At 11:04 -0500 8/30/02, mos wrote:
>At 07:58 AM 8/30/2002, you wrote:
>>Thursday, August 29, 2002, 5:45:05 PM, you wrote:
>>>>Start by looking at the MySQL documentation:
>>>>Read the entire 6.9 section.
>>>>It offers quite a bit of information on how the cache operates, how
>>>>you should configure it and so on.
>>m> I read it too but I have a question about the cache,
>>m> in particular.
>>m> NOTE: The query cache does not return stale data. When data is modified,
>>m> any relevant entries in the query cache are flushed.
>>m> If I have a select statement like:
>>m> select col1, col2 from table1 where col1='A'
>>m> c) Or will any update to the table automatically flush the cache?
>>Yes, relevant entries in the query cache are flushed when any
>>changes were made on the
>Can you define "relevant"? Do you mean all caches for that table?
Queries in the cache that use the table that has been changed.
>Are you saying any change at all to the table, say I add a row,
>delete a row, or modify a row even if it is not in the scope of the
>cached query, will cause all caches for that table to be discarded?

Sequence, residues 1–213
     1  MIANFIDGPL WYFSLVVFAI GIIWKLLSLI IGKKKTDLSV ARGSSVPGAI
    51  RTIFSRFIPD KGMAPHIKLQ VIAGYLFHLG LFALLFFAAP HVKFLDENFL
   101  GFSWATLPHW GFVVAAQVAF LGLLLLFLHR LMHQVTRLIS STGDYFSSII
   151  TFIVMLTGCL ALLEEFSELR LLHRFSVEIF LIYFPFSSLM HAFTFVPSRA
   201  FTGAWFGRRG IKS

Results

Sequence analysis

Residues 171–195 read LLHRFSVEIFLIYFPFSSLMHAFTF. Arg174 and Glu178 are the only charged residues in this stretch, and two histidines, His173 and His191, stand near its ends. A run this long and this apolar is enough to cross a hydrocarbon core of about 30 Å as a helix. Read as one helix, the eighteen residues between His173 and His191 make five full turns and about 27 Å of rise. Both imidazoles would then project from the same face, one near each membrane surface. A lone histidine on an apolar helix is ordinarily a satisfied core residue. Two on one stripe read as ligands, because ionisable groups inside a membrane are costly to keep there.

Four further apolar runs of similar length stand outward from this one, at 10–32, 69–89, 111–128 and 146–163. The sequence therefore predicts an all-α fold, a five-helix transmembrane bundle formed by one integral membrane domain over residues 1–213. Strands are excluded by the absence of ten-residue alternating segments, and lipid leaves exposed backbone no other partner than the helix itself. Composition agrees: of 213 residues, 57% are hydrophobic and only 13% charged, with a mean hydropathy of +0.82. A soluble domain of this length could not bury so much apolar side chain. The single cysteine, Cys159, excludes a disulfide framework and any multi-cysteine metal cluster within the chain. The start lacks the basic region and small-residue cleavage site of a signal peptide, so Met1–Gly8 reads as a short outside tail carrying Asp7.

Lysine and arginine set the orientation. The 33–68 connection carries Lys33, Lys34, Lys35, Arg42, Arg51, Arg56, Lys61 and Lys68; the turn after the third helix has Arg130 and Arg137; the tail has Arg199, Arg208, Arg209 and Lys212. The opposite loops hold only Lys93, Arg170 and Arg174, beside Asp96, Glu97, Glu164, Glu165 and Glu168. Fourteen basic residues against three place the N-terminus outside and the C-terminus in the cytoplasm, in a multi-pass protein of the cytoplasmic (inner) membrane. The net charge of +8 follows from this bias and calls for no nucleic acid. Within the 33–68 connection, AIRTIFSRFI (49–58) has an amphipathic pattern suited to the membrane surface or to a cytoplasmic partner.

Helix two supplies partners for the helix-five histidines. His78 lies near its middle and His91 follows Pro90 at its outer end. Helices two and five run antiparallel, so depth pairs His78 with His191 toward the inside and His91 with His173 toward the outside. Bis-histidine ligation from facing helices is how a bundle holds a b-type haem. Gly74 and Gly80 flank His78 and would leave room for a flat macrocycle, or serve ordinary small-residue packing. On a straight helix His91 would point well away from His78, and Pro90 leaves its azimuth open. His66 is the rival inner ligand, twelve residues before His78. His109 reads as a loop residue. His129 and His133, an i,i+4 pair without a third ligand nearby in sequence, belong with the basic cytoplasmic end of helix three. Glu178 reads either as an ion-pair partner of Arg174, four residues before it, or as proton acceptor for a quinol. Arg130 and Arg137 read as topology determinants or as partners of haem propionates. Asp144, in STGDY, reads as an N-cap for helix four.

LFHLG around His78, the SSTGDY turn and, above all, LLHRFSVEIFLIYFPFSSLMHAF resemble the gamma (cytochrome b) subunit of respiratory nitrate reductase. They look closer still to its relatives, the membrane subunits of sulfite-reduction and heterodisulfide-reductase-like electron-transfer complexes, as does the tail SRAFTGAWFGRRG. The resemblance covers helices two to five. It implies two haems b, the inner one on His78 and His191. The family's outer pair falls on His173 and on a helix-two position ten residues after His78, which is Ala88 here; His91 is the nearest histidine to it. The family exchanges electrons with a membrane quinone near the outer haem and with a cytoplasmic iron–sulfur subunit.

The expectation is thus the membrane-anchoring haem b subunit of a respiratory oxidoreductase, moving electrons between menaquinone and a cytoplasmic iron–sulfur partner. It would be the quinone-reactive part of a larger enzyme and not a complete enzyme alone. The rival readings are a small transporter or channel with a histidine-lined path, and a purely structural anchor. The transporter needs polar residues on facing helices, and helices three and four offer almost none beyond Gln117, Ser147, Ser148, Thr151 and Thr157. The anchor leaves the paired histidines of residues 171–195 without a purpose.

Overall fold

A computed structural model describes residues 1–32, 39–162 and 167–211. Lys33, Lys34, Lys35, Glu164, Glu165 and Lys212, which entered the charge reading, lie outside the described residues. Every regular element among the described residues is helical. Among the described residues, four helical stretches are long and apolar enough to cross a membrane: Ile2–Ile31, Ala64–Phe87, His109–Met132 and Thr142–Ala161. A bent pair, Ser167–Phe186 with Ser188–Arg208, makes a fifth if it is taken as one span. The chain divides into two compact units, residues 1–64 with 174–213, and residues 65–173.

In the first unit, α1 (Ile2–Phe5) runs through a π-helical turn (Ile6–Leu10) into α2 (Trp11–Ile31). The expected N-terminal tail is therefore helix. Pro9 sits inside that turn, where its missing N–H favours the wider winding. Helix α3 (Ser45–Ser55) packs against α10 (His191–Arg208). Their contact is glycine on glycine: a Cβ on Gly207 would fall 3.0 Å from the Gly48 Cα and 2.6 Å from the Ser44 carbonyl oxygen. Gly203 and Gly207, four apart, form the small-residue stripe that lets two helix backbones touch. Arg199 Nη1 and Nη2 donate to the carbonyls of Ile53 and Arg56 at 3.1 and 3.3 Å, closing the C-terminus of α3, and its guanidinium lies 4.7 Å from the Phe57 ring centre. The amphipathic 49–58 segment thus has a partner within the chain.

Yes. How will the server know that the row is in the scope of the query
unless it reruns it again? If you change the thing from which the cached
result is derived, the cache becomes invalid.
How would you do it otherwise?
>select customer_name from customers where state = 'NY' //<-Adds
>query to cache
>insert into customers (customer_name, state) values('jones', 'CA')
>//<-Flushes the cache for customers table?
>select customer_name from customers where state = 'NY' //<-No
>longer in cache?
>If you are correct, then I feel caching is useful primarily for
>readonly access to a table. As soon as a row is modified in any way,
>the caches for that table are flushed. Would you agree?
Yes. How would you suggest that it be done otherwise?